Good thing we know that while the Lord uses us, He is not dependent on us to get His work done! We pray that one day, leadership of this church (and the various programs) can be handed over to locals, who will in turn be trusted because of our bestowing of confidence and authority on them. In the meantime, other foreigners are welcome to help us keep things afloat! Please join us in praying that God would be preparing these leaders with integrity, wisdom, and passion, and that He would raise them up in the proper time.
Whoa, this year has FLOWN by and we haven't blogged at all since January! Clearly, we're still getting the hang of this social media thing.
A recent article in La Nación (the main national newspaper here in Costa Rica) recently published an article about some findings about poverty according to a recent "State of the Nation" survey. It is super-encouraging to us that the government is at least recognizing some of the poverty issues in this country, and is also affirming of the directions we have taken with our organization's strategic goals.
First, some facts about the poorest 20% in current state of Costa Rica:
These are the very things we try to help people deal with on a day-to-day basis: work, education, single mother challenges, and prevention of the abuse and violence that comes out of these stressful situations. We see this 20% fighting for their lives and their children's futures, and try to provide them with tools and resources with which to do so.
The article cites some important factors contributing to the cycle of poverty, among them:
This is precisely why we give our lives to serve the poor in continuing their education and keeping their children in school, and training and preparing them to find meaningful work. Certainly personal choices are a factor in terms of motivation to continue in school, or when and how many children to have. But there are also very real systemic issues that perpetuate the cycle of poverty that are beyond the control of the individuals in poverty: the quality of education that they receive in their underfunded school that limits their opportunities to continue, the injustice of a system that doesn't enforce the laws of working hours and minimum wage, and the disinterest of the public and the government to resolve the issues.
We believe that God calls His people to step in and seek justice where earthly authorities and governments will not. By serving the poor in dignity-giving ways that allow them to break the cycle of poverty for themselves, we show God's love and concern for them. This is why we invest in the lives of people like those in the photo above at our recent Jobs for Life graduation. Won't you join the team?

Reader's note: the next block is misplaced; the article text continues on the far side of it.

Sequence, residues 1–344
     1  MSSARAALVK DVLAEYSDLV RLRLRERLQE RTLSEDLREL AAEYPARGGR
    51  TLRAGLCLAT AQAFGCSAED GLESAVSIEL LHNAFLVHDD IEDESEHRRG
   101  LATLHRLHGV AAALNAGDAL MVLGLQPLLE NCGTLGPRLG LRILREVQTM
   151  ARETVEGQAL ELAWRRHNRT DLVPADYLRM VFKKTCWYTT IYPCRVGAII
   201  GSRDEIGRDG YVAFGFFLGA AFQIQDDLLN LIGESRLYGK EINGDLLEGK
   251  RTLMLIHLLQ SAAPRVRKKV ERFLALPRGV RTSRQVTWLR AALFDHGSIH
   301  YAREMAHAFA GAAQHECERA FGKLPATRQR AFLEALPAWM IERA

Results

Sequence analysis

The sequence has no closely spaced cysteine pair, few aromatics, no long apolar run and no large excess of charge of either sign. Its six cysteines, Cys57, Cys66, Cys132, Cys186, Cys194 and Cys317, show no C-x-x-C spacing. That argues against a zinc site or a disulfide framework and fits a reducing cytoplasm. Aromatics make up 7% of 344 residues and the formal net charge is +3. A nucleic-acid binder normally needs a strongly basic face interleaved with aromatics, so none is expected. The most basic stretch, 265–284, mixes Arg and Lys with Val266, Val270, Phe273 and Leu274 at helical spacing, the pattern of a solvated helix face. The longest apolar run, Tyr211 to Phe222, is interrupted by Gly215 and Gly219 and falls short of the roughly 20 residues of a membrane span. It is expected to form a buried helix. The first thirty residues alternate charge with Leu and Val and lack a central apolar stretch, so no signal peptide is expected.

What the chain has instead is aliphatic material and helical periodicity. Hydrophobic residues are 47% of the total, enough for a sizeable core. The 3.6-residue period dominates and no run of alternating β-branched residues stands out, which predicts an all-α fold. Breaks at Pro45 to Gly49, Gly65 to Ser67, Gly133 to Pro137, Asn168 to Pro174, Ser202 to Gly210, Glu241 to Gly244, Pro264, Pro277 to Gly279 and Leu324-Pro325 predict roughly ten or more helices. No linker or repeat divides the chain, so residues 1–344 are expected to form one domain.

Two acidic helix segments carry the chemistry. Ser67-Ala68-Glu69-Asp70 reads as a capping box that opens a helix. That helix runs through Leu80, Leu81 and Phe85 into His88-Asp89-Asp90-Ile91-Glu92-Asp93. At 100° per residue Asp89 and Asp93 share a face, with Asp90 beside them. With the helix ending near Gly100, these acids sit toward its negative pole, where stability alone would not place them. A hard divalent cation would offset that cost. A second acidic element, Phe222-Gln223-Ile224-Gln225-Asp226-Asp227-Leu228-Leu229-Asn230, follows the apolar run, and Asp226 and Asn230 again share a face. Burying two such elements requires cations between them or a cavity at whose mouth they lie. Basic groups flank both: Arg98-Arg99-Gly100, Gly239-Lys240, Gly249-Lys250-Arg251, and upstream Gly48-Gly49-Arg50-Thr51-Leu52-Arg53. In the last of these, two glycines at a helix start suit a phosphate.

Christmas in Costa Rica is something wholly different from what I experienced growing up, and I love it. There are endless blue skies and the sun feels very warm on your face, but a cool breeze makes the palm trees sway back and forth, kind of like the dancers in the parades around town during the weeks leading up to Christmas.
Andrea and I were really looking forward to celebrating La Navidad here this year, but the Lord had other plans. Due to my father’s health, we flew back to KC unexpectedly in late December just in time for the “Polar Vortex.” We celebrated Christmas in St Louis between the hospital and a hotel, eating Papa John’s pizza instead of the traditional Costa Rican tamales.
Praise God that my Dad responded well to a different heart med and we were able to take him home the day after Christmas. Our time with him and my Mom (and the rest of our families) was invaluable—and so too, was our time visiting a couple of churches in and around KC.
Both churches blessed us in significant ways and demonstrated to us the big “C” church at its finest. Rustin Smith and Jonathan and Joy Klee with Vox Dei Community in Belton, blessed our family with Christmas gifts, gift cards, and gift certificates. People who didn’t even know us, but who knew we were missionaries called unexpectedly back to the US who didn’t have much in the way of gifts State-side, showed kindness to us because they love Jesus. That’s the Church at its finest—loving its own as a testimony to the world of Christ’s love.
Tim Suttle and the body at Redemption Church in Olathe welcomed us to share about our ministry, especially our new child sponsorship program. That day people at Redemption committed to sponsoring 8 kids from La Carpio, ensuring that these children living in poverty have access to another year of schooling and hope for a future. That’s the Church at its finest—loving and having compassion on the vulnerable.
We were so blessed to have the Lord change our plans so that we could experience anew His love for us and witness His love—perfect love—in others. “No one has seen God, ever. But if we love one another, God dwells deeply within us, and his love becomes complete in us—perfect love!” I John 4:12 (The Message).
So this is my friend Keyasha in the foreground, who spent a day rockin' the foot scrubbing and massaging with me on the street in La Carpio. The team was to spend the day painting the room that we use for our Jobs for Life classes, but I figured the guys had a handle on that and us girls could bless the women happening by with free spa pedicures. We were also joined by April and Rebecca, not shown in this picture. We slapped a sign on the gate, "Free Spa Pedicures -- Today Only!" and started to get some incredulous looks and "Really?"s before we had our first "customer" within 2 minutes.
I have done many different things to serve in La Carpio to date, but few things I have seen open up the door to women's hearts like washing their feet and leaving them soft(er) and pretty with toenail polish. Why? Jesus was definitely onto something, and I think if his disciples had been women, he would have given them full pedis, too, instead of just washing their feet. I can just hear him now: "What color polish would you like, Mary? Perfect -- Aphrodite's Pink Nightie it is!"
My theory about why a pedi is so meaningful is this: women living in poverty have it ROUGH, and they spend their whole lives caring for OTHERS, frequently with no one who cares for THEM. Their feet are particularly abused... they spend their days in flip flops, towing kids around on their hips, cleaning their house, cleaning others' houses, and walking everywhere they need to get to. Yet, God has placed something in every woman that seeks to be beautiful. Here are some of the stories of the approximately 20 women we served that day: